Are TSA Officers Playing Explicit Rap Songs Over Airport Speakers Amid Government Shutdown?

Travis Scott and Kanye West are among the uncensored artists Twitter users have alleged hearing over the speakers at John F. Kennedy International Airport


The ongoing government shutdown seems to be leading to some interesting music selections for travelers in New York City.

According to many Twitter users, the speakers at John F. Kennedy International Airport have been streaming explicit versions of rap songs from artists like Travis Scott and Kanye West for at least the past few weeks.

“Knowing that our man Kanye’s masterpiece poop diddy woop scoop was blasted through jfk airport by tsa today at 6:30 AM IS THE FUNNIEST THING IVE HEARD,” one Twitter user wrote on Thursday, referencing the bizarre lyrics on West’s track “Lift Yourself.”

Eight days earlier, another tweeted, “TSA has officially stopped giving a f—. SICKO MODE (dirty version) is playing on the speakers at JFK lmfaooo,” referencing the Scott and Drake collaboration.

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However, a TSA spokesperson tells PEOPLE, “TSA doesn’t have access to the public address system at JFK. I have been advised that the system is accessed by the individual operators and the [Port Authority of New York and New Jersey].”

Business Insider reports that a spokesperson for the Port Authority told them that TSA officers and other airport employees are able to choose the music played at certain terminals. The TSA spokesman disputed this however, reiterating that was his understanding TSA agents don’t have PA access at any terminals.

The Port Authority did not immediately respond to PEOPLE’s request for comment.

As the longest shutdown in U.S. history continues, more agencies are feeling its impact. While airlines are privately owned and can continue to operate, an estimated 51,000 TSA agents are among the 800,000 government employees who are expected to show up to work without receiving a paycheck.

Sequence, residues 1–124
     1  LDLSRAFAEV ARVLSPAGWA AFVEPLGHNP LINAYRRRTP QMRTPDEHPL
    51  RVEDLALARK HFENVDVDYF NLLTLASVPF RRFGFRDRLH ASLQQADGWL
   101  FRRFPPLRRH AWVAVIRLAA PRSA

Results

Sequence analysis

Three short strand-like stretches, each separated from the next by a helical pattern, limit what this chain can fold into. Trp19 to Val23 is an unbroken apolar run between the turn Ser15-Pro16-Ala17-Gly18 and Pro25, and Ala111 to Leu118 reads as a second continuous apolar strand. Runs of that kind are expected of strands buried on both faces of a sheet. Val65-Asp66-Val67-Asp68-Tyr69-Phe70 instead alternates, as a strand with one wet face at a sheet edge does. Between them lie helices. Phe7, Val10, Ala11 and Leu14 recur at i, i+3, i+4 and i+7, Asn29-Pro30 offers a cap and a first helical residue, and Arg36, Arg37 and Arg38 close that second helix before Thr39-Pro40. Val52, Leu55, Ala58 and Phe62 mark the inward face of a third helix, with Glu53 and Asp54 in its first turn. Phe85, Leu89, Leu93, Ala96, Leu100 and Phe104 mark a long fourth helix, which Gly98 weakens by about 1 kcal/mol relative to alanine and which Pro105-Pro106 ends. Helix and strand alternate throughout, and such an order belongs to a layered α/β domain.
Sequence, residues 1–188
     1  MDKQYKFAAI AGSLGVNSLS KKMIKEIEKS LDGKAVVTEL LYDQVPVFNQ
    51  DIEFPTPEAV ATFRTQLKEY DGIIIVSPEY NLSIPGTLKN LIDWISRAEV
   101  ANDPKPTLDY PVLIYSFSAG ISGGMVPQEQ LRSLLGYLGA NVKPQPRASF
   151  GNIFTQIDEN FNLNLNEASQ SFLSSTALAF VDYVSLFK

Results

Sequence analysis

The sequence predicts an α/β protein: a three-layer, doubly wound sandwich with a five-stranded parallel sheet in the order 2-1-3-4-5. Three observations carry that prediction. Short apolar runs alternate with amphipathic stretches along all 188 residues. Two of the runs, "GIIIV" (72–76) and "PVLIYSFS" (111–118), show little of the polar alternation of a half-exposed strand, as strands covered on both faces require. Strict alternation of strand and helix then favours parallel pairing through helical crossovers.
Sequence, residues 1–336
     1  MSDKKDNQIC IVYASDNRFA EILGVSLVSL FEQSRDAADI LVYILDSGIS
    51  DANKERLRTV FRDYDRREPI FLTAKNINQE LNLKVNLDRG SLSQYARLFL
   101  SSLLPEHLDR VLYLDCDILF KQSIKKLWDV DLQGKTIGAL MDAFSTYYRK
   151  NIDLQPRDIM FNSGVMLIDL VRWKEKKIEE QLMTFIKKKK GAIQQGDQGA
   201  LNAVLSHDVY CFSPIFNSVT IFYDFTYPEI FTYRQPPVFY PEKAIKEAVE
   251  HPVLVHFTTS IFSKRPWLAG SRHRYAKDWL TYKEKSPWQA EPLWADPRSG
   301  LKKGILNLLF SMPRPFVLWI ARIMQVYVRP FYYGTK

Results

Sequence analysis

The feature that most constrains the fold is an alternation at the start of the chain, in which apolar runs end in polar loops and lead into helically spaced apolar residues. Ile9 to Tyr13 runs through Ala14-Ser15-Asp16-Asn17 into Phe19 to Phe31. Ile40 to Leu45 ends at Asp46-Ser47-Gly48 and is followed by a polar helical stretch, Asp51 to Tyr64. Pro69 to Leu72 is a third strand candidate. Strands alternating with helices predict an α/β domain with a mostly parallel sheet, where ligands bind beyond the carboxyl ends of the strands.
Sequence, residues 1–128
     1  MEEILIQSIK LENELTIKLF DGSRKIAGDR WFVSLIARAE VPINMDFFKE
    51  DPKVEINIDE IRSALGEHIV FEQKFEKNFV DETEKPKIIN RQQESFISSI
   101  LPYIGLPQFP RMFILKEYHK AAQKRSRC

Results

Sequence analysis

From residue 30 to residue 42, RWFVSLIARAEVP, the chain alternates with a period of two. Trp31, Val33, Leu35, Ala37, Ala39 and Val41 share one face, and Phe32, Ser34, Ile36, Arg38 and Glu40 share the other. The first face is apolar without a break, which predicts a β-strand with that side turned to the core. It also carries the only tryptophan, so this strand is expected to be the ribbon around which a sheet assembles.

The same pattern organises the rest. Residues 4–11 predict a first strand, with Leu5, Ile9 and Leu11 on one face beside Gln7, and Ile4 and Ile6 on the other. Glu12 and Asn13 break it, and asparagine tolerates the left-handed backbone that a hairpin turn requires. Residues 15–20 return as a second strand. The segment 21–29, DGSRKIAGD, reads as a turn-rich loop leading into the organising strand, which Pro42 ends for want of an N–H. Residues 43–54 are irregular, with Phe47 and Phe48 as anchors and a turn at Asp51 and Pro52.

Earlier this month, CNN reported that hundreds of agents were calling in sick at airports across America in the wake of the shutdown — something the TSA initially denied.

Department of Homeland Security spokesman Tyler Q. Houlton tweeted, “Security operations at airports have not been impacted by a non-existent sick out. CNN has the cell numbers of multiple @TSA public affairs professionals, but rather than validate statistics, they grossly misrepresented them.”

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On Tuesday, however, the TSA said in a statement that they are experiencing more than double the normal number of call-outs (a national rate of 6.8 percent unscheduled absences, compared to 2.5 percent at this time last year).

Both Miami and Houston International Airports have shut down some TSA checkpoints — with Houston closing an entire terminal — to try and get ahead of potential issues posed by the shutdown, USA Today reported.

However, the TSA maintains that flying is as safe as ever.

“Security standards will NOT and have NOT been compromised,” TSA’s Asst. Administrator for Public Affairs Michael Bulello wrote on Twitter Friday. “TSA has and will continue to maintain security standards at our nation’s airports.”

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The government closed on Dec. 22 in the wake of President Donald Trump‘s call for funding for a proposed billion-dollar southern border wall.

The president, 72, claims he needs the wall to stem a “crisis” of drugs, violence and human trafficking. Congressional Democrats, empowered by the midterms, have rejected that — calling a wall immoral and ineffective and offering to negotiate about border security once the government is reopened.

By day 22, negotiations were still fruitless, making this shutdown the longest in American history, surpassing the previous record of 21 days in the ’90s, under President Bill Clinton and a Republican-led Congress, according to CNN.

It currently remains unclear how or when the shutdown will end.

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